The pattern is easy to recognize by the compiler, but very hard to debug or find the cause when you trapped into it.
The workaround is pretty simple: cache the result of TMyInterfacedObject.Create() in an intermediate variable, then pass it on to LeakCrash().

Should the compiler hint or warn you about this usage pattern?

Finally the code I used to trace all the _AddRef/_Release/etcetera calls:

unit MyInterfacedObjectUnit;

interface

type
  // Adpoted copy of TInterfacedObject for debugging
  TMyInterfacedObject = class(TObject, IInterface)
  protected
    FRefCount: Integer;
    function QueryInterface(const IID: TGUID; out Obj): HResult; stdcall;
    function _AddRef: Integer; stdcall;
    function _Release: Integer; stdcall;
  public
    procedure AfterConstruction; override;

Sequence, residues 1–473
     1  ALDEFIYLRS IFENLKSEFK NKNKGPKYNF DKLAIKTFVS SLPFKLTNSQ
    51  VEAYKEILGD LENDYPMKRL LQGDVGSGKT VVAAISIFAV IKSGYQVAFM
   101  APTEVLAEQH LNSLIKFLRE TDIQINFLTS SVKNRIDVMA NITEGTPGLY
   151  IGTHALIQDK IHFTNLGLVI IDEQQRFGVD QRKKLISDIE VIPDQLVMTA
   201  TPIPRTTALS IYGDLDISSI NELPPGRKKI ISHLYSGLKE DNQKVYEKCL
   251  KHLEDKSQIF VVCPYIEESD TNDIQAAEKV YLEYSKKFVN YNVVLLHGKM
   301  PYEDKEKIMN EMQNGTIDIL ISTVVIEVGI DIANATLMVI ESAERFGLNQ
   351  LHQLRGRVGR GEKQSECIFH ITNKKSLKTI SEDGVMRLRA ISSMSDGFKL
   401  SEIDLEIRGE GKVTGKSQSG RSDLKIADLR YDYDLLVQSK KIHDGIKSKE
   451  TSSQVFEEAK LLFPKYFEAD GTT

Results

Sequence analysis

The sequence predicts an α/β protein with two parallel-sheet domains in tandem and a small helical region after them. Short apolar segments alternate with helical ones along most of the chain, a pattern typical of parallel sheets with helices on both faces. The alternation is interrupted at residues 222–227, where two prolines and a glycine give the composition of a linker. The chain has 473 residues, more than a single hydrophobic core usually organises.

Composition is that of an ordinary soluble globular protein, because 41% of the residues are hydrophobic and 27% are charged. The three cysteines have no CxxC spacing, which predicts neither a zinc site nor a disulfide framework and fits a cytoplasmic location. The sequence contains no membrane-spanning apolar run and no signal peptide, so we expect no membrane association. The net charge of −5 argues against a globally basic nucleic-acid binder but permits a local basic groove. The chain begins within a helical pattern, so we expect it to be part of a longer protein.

procedure BeforeDestruction; override;
    class function NewInstance: TObject; override;
    property RefCount: Integer read FRefCount;
  end;

implementation

uses
  Windows;

procedure TMyInterfacedObject.AfterConstruction;
begin
  InterlockedDecrement(FRefCount);
  Writeln('     AfterConstruction ', FRefCount);
end;

procedure TMyInterfacedObject.BeforeDestruction;
begin
  Writeln('     BeforeDestruction ', FRefCount);
  if RefCount <> 0 then
    System.Error(reInvalidPtr);
end;

class function TMyInterfacedObject.NewInstance: TObject;
begin
  Result := inherited NewInstance;
  TMyInterfacedObject(Result).FRefCount := 1;
  Writeln('     NewInstance ', TMyInterfacedObject(Result).FRefCount);
end;

function TMyInterfacedObject.QueryInterface(const IID: TGUID; out Obj): HResult;
begin
  Writeln('     QueryInterface ', FRefCount);
  if GetInterface(IID, Obj) then
    Result := 0
  else
    Result := E_NOINTERFACE;
end;

function TMyInterfacedObject._AddRef: Integer;
begin
  Result := InterlockedIncrement(FRefCount);
  Writeln('     _AddRef ', FRefCount);